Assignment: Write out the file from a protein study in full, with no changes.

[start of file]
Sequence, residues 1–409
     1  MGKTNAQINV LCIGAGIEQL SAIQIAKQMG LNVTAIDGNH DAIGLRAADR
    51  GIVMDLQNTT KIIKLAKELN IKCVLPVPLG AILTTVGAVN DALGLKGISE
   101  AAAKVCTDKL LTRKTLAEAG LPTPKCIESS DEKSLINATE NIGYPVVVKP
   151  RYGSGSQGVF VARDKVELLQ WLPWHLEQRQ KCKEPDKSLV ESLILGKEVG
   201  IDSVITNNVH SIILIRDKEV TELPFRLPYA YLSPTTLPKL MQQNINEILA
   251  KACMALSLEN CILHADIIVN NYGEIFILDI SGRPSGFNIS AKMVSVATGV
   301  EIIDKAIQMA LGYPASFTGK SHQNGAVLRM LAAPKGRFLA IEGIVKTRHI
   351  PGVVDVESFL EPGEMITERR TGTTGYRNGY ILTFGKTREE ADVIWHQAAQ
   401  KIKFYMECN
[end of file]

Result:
Sequence, residues 1–409
     1  MGKTNAQINV LCIGAGIEQL SAIQIAKQMG LNVTAIDGNH DAIGLRAADR
    51  GIVMDLQNTT KIIKLAKELN IKCVLPVPLG AILTTVGAVN DALGLKGISE
   101  AAAKVCTDKL LTRKTLAEAG LPTPKCIESS DEKSLINATE NIGYPVVVKP
   151  RYGSGSQGVF VARDKVELLQ WLPWHLEQRQ KCKEPDKSLV ESLILGKEVG
   201  IDSVITNNVH SIILIRDKEV TELPFRLPYA YLSPTTLPKL MQQNINEILA
   251  KACMALSLEN CILHADIIVN NYGEIFILDI SGRPSGFNIS AKMVSVATGV
   301  EIIDKAIQMA LGYPASFTGK SHQNGAVLRM LAAPKGRFLA IEGIVKTRHI
   351  PGVVDVESFL EPGEMITERR TGTTGYRNGY ILTFGKTREE ADVIWHQAAQ
   401  KIKFYMECN